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My Top 12 Takeaways from Emmy nominations, including local angles

If you’re regular reader of this blog and column, then you know I’m very happy about many of the Emmy nominations announced Thursday.

Let’s look at my Top 12 takeaways.

FX’s “The Americans” Finally Gets Its Due: Just last Tuesday, in a “You Should Be Watching” feature, I mentioned that the program about Russian spies living as suburbanites near Washington, D.C. has gotten a lot more critical love than Emmy love over its first three seasons. On Thursday, the program was nominated as best drama and the co-leads, Matthew Rhys and Keri Russell, who are in a real-life relationship, were nominated in the best dramatic actor and actress categories. Bravo.

Clarence High Grad Gets Writing Nod: David McMahon, the 1994 Clarence High graduate I wrote about in April, and his wife, Sarah Burns, were nominated for outstanding writing for a nonfiction program for the four-hour documentary, “Jackie Robinson.”

Buffalo-born Actor Nominated: Kyle Chandler, best known as the high school football coach in NBC’s “Friday Night Lights,” was nominated for his role as the responsible son, John Rayburn, in Netflix’s “Bloodline.” Chandler’s grandparents were from Buffalo and he was born here. He left when he was one-year-old. You probably can tell that by his Southern accent. Netflix announced this week there would be a third season of "Bloodline," which ended its second season with several issues up in the air involving the dysfunctional Rayburn family.

Baranski Does Buffalo Proud Again: I was glad to see Buffalo's Christine Baranski get an Emmy nod for a guest starring role on "The Big Bang Theory." More surprising was her failure to get one for her role as an attorney in “The Good Wife,” which ended its run. The Emmy voters weren’t very sentimental. Julianna Margulies didn’t get nominated as the lead for “The Good Wife” and “American Idol” wasn’t nominated as best reality show in its final season. I’m fine with the “Good Wife” slight. I thought the final season was one of its weakest. And the Emmys did nominate creators Robert and Michelle King for their work on the final episode.

“Mr. Robot” Gets Love: Buffalo State graduate Kyle Bradstreet, who is a producer and writer on the show, told me in a column that ran last week that he hoped Mac Quayle would get a nomination for the music on the critically-praised USA Network show. Mission accomplished. The show also was nominated for best drama and writer-creator Sam Esmail was nominated for his pilot script. Rami Malek, the actor playing the hacker who is the series lead, was nominated as best dramatic actor. He was ignored by the Golden Globes, which nominated Christian Slater as Mr. Robot. The Emmys got it right.

A “Master” Stroke: Aziz Ansari, who stars in and writes my favorite comedy, Netflix’s “Master of None,” was nominated in both the acting and writing categories for a series that is autobiographical.

FX’s Simpson Limited Series Honored: I feel for Nathan Lane, who played F. Lee Bailey in “The People v. O.J. Simpson: American Crime Story.” He was just about the only name actor in the series who wasn’t nominated. Most stunning was the nomination of Cuba Gooding Jr. as Simpson. It makes you wonder if the voters have ever seen Simpson, a much bigger man who became an American icon before his fall because of his charisma. Gooding didn’t exhibit an ounce of that. Only slightly less surprising was the nomination of John Travolta as attorney Robert Shapiro. It played like such a parody that Shapiro should consider suing. The one sure thing on Emmy night should be the victory of Courtney B. Vance, who was exceptional as defense attorney Johnnie Cochran. But he is in a category loaded with great actors.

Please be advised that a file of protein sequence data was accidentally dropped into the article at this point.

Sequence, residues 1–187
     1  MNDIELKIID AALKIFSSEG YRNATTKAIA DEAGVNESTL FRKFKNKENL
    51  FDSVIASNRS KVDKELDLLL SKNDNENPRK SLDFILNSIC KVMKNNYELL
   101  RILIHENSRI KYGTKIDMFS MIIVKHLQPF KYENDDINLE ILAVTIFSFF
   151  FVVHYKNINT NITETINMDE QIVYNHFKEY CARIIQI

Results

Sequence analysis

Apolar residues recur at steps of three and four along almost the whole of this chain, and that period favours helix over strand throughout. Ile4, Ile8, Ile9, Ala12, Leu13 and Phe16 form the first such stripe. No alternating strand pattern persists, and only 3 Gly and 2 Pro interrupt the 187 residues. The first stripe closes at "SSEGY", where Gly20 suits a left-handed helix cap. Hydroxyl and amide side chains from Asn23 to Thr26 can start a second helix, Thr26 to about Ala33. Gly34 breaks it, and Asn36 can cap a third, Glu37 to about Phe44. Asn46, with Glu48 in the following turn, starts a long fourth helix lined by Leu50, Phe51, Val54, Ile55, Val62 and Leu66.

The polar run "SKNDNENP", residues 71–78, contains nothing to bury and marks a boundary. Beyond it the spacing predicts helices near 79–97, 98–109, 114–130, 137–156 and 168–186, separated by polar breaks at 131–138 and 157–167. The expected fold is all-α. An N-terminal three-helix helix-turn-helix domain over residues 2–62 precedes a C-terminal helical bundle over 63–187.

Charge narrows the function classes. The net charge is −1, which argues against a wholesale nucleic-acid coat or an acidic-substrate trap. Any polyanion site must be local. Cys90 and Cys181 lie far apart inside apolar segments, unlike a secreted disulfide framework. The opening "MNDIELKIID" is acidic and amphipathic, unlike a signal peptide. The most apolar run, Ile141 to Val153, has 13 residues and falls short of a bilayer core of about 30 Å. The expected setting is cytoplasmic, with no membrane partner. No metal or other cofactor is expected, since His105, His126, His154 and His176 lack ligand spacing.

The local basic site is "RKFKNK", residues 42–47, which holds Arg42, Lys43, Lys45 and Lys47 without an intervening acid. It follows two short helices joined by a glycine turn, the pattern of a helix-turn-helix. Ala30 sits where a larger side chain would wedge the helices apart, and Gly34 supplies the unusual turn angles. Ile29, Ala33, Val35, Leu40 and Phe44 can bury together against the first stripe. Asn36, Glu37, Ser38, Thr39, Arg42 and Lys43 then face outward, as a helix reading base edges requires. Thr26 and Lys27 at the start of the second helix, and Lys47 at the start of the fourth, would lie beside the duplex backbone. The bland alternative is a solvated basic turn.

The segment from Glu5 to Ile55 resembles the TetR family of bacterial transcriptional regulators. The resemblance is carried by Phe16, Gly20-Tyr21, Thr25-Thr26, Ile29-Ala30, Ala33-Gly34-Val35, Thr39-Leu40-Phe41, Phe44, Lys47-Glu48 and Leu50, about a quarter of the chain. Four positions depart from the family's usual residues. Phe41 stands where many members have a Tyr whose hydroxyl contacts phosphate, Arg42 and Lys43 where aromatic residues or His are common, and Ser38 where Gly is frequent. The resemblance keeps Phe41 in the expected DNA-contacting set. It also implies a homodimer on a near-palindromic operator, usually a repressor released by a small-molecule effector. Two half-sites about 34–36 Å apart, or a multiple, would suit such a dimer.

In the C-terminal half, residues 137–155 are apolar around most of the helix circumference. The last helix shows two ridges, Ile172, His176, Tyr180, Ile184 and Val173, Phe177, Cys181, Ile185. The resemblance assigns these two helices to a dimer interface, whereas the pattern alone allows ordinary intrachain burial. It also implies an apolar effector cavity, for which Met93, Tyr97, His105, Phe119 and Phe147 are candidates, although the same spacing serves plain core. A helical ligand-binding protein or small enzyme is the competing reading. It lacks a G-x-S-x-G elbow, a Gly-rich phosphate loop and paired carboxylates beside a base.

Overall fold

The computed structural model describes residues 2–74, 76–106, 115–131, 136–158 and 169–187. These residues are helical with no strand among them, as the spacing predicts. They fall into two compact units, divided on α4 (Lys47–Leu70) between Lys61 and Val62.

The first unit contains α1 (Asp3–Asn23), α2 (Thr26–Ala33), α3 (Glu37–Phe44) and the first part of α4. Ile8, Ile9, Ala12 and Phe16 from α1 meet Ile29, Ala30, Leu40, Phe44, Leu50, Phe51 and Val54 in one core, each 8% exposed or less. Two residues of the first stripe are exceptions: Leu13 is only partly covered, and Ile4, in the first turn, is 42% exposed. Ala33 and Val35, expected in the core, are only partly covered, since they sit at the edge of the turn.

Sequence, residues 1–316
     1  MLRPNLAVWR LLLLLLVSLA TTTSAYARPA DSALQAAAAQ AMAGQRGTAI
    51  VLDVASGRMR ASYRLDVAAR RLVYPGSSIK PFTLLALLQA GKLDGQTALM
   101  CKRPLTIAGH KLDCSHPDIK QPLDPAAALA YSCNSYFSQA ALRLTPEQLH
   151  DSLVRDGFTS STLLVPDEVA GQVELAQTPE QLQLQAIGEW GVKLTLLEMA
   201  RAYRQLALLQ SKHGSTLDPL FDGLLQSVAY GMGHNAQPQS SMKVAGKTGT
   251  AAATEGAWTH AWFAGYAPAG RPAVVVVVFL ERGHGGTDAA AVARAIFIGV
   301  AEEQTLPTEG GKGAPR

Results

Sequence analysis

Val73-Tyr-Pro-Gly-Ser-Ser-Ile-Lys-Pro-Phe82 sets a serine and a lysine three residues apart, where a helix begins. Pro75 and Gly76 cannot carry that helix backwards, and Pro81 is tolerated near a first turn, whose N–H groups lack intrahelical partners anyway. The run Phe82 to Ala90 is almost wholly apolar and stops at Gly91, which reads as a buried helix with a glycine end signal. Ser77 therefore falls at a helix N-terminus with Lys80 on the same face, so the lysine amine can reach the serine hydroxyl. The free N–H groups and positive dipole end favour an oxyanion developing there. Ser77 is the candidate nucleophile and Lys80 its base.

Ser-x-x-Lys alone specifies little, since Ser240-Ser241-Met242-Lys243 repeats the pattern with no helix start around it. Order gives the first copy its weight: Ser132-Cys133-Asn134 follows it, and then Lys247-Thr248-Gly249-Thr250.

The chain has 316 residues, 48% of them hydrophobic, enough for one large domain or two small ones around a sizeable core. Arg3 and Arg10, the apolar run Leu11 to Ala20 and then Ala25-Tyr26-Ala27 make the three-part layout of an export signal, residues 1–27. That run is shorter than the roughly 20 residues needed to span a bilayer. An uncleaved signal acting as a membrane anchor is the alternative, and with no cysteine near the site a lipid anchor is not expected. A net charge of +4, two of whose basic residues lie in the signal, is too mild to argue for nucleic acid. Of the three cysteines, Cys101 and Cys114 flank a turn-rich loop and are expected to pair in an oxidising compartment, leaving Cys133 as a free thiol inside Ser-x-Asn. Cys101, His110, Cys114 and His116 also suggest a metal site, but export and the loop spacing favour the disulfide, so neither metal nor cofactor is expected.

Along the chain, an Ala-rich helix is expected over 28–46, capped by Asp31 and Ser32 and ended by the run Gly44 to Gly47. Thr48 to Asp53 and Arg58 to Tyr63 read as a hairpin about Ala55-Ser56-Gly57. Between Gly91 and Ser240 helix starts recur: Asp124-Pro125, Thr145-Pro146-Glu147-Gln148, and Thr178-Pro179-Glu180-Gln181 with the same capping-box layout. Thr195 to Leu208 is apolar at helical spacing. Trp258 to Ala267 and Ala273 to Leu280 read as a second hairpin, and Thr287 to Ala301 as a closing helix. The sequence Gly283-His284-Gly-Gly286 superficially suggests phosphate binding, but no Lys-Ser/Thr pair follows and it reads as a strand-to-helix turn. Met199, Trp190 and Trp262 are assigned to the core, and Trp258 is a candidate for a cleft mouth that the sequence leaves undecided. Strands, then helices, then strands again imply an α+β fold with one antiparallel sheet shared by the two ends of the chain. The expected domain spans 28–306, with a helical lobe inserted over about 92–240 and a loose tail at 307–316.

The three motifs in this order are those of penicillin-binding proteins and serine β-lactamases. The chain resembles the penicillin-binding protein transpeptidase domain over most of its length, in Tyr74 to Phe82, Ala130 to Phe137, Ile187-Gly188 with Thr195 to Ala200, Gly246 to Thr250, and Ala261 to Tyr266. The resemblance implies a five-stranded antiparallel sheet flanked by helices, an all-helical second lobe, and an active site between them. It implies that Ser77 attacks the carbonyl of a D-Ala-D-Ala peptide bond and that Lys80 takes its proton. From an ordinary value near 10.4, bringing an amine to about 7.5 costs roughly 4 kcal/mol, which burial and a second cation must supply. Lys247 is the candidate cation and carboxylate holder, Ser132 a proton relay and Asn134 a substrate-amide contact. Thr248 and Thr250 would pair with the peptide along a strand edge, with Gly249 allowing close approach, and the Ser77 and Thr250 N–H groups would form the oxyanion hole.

Something to Sing About: James Corden upstaged his CBS teammate Stephen Colbert by getting a nomination for both his “Late, Late Show” in the outstanding variety talk series competition and for a Carpool Karaoke special. The Republican and Democratic Conventions are coming at just the right time for Colbert, who was the only 11:35 p.m. host not to be nominated and needs a big bounce out of them. He has enlisted Jon Stewart to be involved.

Feel the Bern: Bernie Sanders received an Emmy nomination. OK. It really was Larry David as Bernie on “Saturday Night Live.” He was the best part of “SNL” this past season.

What a Category: If ever any category illustrates how ridiculous it is for actors playing different roles to compete against each other, it is the nominees for outstanding lead actor in a limited series or movie. Courtney B. Vance (“The People v. O.J. Simpson”), Bryan Cranston (“All the Way”), Idris Elba (“Luther”), Benedict Cumberbatch (PBS’ “Sherlock Holmes’) and Taylor Swift’s latest boyfriend, Tom Hiddleston (“The Night Manager”), are all competing. As I said previously, Vance gets my vote.

My Favorite Category: Anyone who knows me knows I love voices. So I love the “outstanding narrator” category of recognizable voices. The nominees include Adrien Brody (“Decoding the Brain”) Keith David (“Jackie Robinson”), Anthony Mendez for an episode of “Jane the Virgin,” David Attenborough (“Life Story, First Steps”’) and Laurence Fishburne (“Roots”).  I love all those voices, but I’d vote for David.

Great News, Not a “Catastrophe”: You may have read my “You Should Be Watching” take on the Amazon Prime comedy series “Catastrophe” in late May. I love the show because of its writing by the actors playing the couple in the series, Rob Delaney and Sharon Horgan. They earned an Emmy writing nomination. Even better for them, Amazon announced this week that the show has been renewed for at least two more seasons.

apergament@buffnews.com

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